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Think in spreads

Diving into the world of Metropole magazine – an honest critique from a Graphic Designer's perspective. Analyzing layout, typography, and imagery. Insights on crafting visually captivating publications

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I’ve recently subscribed to an online magazine Metropole. It’s a small and dedicated team is running a magazine for English speaking expats in Vienna, Austria. For a small fee, you can get a version of the magazine to read in spreads, as you would do with a usual paper magazine. I guess you can see it as a homage to a very conservative Austrian society, that would still read articles in spreads even it’s not really comfortable to do on any digital devices.

I’ve spent a significant amount of time designing magazines at the beginning of my career. Since I still have some feelings for this job I found myself somewhat unconsciously collecting feedback while reading this magazine. Honestly, I want to say overall I love all the stories in Metropole. I do like that apart from photos they use drawn illustrations and infographics. Even the drop caps are used only after the first paragraph. But then, I bet any designer would cringe looking at this:

Nobody messes with the kerning! I guess they’ve got the whole mess with kerning probably because of the incorrect use of hyphenation and fully justified blocks of text. But why would anyone use fully justified text in a magazine? It’s not a book.   

I can imagine what pressure the designer is experiencing at Metropole. The magazine is 148 pages thick and appears every 3 months. Even if they have all the texts beforehand it still means the designer has to do 2 pages every working day. There would be no time to make a beautiful font design. I feel sorry for him/her. 

Back in the day, I was given great advice by one prominent designer:

"If you have a graphic idea the execution isn't that important. If you however have no graphic idea, the execution should be perfect!"
A Graphic Designer Guy

This, a bit of self-indulgencing rule, especially works when you’re under time pressure and the only source for images you have at your disposal is Unsplash and Freepik. There are plenty of ways to keep good execution without breaking the records in making new awesome Graphic ideas. Below I want to mention just a few ones, that helped me. And I would like to show the proof for these rules on the example I’ve done by redesigning one of the spreads from the current issue by Metropole. Grab the slider and move it to the left to see my version.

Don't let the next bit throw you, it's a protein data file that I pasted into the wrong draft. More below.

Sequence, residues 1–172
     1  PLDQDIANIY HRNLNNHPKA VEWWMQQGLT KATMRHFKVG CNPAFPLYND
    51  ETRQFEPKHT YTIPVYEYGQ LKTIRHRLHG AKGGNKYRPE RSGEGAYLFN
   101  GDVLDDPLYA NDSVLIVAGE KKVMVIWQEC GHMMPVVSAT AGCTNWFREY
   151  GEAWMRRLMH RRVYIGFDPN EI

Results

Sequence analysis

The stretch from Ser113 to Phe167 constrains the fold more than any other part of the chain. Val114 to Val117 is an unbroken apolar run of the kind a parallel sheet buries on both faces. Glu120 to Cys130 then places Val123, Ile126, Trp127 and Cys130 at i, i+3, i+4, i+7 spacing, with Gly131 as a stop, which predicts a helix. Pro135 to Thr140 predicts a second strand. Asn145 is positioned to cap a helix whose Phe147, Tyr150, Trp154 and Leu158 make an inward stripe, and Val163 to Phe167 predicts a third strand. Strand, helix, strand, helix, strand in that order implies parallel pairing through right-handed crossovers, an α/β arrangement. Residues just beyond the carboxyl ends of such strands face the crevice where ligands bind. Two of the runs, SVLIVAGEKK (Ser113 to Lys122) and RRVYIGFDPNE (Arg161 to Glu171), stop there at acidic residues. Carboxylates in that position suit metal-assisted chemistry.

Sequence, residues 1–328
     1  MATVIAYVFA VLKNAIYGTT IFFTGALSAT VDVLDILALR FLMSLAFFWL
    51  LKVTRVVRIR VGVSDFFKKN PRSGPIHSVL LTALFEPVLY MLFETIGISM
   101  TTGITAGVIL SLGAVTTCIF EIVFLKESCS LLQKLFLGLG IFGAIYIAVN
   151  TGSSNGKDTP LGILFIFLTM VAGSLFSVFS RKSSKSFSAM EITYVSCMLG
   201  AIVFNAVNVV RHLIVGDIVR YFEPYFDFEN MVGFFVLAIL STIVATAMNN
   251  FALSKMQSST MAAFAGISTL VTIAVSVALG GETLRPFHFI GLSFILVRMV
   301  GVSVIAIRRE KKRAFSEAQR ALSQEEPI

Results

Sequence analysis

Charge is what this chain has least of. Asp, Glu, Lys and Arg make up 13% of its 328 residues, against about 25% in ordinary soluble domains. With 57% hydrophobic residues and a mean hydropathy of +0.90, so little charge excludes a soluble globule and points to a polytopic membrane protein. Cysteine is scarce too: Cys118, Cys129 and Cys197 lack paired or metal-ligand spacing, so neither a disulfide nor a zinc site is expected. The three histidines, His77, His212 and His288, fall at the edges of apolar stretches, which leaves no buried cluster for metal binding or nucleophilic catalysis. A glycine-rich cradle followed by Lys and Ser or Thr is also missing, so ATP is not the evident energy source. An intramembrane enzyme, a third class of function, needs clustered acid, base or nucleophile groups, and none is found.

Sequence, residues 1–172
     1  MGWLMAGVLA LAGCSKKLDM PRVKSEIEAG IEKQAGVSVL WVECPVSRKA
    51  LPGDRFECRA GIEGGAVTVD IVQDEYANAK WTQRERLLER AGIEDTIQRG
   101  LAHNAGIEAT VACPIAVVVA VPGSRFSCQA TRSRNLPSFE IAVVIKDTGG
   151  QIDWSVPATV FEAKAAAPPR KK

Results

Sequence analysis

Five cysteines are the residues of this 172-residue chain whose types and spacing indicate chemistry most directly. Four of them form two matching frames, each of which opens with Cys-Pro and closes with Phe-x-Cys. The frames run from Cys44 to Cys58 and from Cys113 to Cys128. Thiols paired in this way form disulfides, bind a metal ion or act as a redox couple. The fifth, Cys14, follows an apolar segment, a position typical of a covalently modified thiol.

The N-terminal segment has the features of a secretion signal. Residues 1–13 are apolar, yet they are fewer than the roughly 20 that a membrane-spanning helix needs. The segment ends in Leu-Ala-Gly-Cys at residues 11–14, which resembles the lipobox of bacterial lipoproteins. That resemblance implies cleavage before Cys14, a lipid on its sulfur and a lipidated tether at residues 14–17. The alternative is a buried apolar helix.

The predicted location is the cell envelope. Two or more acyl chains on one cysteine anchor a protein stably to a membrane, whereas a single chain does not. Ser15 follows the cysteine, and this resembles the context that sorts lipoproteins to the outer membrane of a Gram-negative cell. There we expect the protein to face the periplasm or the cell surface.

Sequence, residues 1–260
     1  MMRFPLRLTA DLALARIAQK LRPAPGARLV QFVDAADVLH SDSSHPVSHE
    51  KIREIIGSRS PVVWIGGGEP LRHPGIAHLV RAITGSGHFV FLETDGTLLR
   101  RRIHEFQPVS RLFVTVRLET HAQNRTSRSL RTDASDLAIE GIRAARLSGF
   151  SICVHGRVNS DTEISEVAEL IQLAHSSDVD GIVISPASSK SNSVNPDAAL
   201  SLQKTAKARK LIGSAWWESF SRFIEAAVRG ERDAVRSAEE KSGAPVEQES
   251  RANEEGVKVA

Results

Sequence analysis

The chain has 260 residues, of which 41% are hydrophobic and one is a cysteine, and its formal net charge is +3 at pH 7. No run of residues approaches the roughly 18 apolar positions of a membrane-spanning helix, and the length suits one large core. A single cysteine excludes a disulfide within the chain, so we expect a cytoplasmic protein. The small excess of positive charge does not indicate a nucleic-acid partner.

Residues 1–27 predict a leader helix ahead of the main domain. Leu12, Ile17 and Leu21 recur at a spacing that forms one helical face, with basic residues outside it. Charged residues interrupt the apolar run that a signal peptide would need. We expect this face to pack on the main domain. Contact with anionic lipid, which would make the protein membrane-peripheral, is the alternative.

1. If you don’t have a very good photo (I mean it, a REALLY good photo) for an article try something abstract, don’t take any photo. Article without a photo is better than with boring or bad photo,
  2. If you can use some design as an illustration, like a guilloche pattern from money bills I used above, it’s a double win since it’s already decorative and you don’t need to beautify it,
  3. Don’t use only high black&white contrast. Try to find other shades in between for texts, titles and other elements. In web design, for example, it’s already a rule of thumb not to use 100% black (#000) for the titles,
  4. Use Fully Justified text for the Body text only if you’re going to use more than 60 characters in a line for a column,
  5. Pay attention to the rules of Hyphenation and Optical Margin Alignments. Such details are making your text look very accurate,
  6. I’m not sure if I still have to mention it, but never, never ever mess with the kerning!
  7. Try to break the blocks of text visually, so a reader would able to jump between the pieces of text,
  8. If there are no pull quotes, there is always something to emphasize in the text, numbers, titles, names. The Body text should always entertain,
  9. Try to give a sense of structure with Byline, Header, Category name etc.
  10. Choose typography appropriately. Among many different websites, where you can check the fonts I do like FontPairings by People

Once again, I really like the magazine and I am looking forward to seeing more interesting stories and news about Viennese society. 

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